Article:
http://www.linuxquestions.org/review...page/15/sort/7

Solus (Gnome) and PCLinuxOS (KDE) also might appeal to you.
http://www.linuxquestions.org/review...page/15/sort/7
http://www.linuxquestions.org/review...p/product/2281
 
Old 02-22-2013, 08:34 PM   #5
thallium
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I had an old toshiba satellite to practice converting to linux with. So far I have been using it for a few months now to do web browsing, etc. when I get home. But no serious work related stuff yet. I used ubuntu 12.04 LTS, which is actually quite easy to install even on such an old machine.
 
Old 02-23-2013, 01:04 AM   #6
John VV
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years ago i started with MinGw in windows then moved to Fedora 4
the mingw and cygwin experience was invaluable

i did a bunch of research and fedora fit me at the time
BUT and it is a big one
i wanted to hack code , hack the os and wanted to fix things as they broke
i looked at problems as a puzzle to solve .Fedora fit that bill

but fedora is a VERY fast passed distro and changes VERY fast
after a few years reinstalling every 6 months was not as fun as it once was .

But i learned a lot


OpenSUSE has been my everyday OS for a few years now
it's not bad BUT novell dose things very differently than red hat/fedora

CentOS and ScientificLinux
not bad BUT they are VERY conservative
They trade NEW for STABLE
they are NOT the best fit for a general purpose desktop install
for the Office -- YES
for running scientific ( and Univ. ) software -- yes
For watching dvd's -- NO
for playing games -- NO

Different OS's have a different target audience / user

try a few
pick the one that BEST fits YOUR needs
 
Old 02-23-2013, 01:21 PM   #7
antitankknife
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Well, I would have to say that between Mint, Fedora, and SUSE, I definitely like SUSE the best so far. I do really like and kind of miss all the customization, control, and power of FreeBSD though. Either way, I won't be deciding for sure on what I will go with for another several weeks. I want to see how OpenSUSE 12.3 works and compare it with latest BSD.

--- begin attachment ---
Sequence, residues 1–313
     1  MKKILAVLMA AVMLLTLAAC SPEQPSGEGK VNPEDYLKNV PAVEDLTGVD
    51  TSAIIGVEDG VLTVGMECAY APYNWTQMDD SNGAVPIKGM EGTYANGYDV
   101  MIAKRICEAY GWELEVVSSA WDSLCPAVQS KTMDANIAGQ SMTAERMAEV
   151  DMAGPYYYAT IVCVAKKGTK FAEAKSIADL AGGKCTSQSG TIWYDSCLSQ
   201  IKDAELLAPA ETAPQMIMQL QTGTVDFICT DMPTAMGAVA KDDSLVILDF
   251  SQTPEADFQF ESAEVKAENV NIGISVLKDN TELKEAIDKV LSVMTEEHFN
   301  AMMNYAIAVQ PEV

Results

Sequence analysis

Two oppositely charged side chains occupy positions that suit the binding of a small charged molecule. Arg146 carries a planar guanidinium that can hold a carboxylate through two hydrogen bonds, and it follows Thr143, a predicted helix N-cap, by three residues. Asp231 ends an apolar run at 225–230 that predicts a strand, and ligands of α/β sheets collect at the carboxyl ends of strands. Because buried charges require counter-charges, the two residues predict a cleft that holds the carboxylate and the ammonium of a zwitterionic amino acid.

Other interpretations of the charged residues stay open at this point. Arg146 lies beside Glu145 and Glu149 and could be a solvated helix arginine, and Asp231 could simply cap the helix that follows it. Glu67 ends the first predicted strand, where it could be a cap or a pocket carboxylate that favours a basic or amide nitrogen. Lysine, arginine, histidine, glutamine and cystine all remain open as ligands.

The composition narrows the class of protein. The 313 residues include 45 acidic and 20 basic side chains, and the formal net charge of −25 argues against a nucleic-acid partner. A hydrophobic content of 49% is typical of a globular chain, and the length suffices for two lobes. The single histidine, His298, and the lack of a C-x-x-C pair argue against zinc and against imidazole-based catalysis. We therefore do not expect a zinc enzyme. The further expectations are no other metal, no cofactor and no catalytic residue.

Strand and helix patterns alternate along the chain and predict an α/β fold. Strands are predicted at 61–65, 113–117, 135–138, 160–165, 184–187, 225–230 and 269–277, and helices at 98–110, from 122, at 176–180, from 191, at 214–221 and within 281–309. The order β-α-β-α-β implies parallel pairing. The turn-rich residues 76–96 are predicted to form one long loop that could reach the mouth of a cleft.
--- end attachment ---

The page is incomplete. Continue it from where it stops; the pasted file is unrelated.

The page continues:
Old 02-23-2013, 02:33 PM   #8
John VV
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12.3 ?
unless you want to test the still in development version
and supply bug reports and the needed fix
i would wait until it is officially released

until then use OpenSUSE 12.2
 
Old 02-23-2013, 07:04 PM   #9
antitankknife
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12.3 Stable releases in 18 days or so. At any rate, I am DLing PC-BSD now. I have heard a lot of good things since the 9.0 release, so I may go back to using BSD again.
 
Old 02-25-2013, 03:50 AM   #10
bloody
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I'm not sure if BSD is the right Gamer's system. Afterall, it's not Linux, although it supports a Linux compatibility layer.

What you really need to know first is which Desktop Environment you want, as several Desktops have changed quite alot lately, and there is also a number of interesting new ones, such as Xfce, E17 (Enlightenment), MATE, Cinnamon or Ubuntu's Unity.

Once you know that, choose your distribution. There are too many points to discuss when it comes to what's best for YOU, so i won't even try. But i recommend to choose your Desktop Environemnt first, and then choose a distro that does best - for you - with that DE of your choice.
 
Old 02-25-2013, 05:24 AM   #11
Randicus Draco Albus
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Quote:
But i recommend to choose your Desktop Environemnt first, and then choose a distro that does best - for you - with that DE of your choice.
Alternatively, you could settle on the system that you like the best for how it meets your needs. If you do not like the default DE, or are just curious, you can install other GUIs (desktop environments and window managers), try them out, and keep the one you like most. There is nothing stopping you from using any GUI on any system, although Ubuntu is trying their best.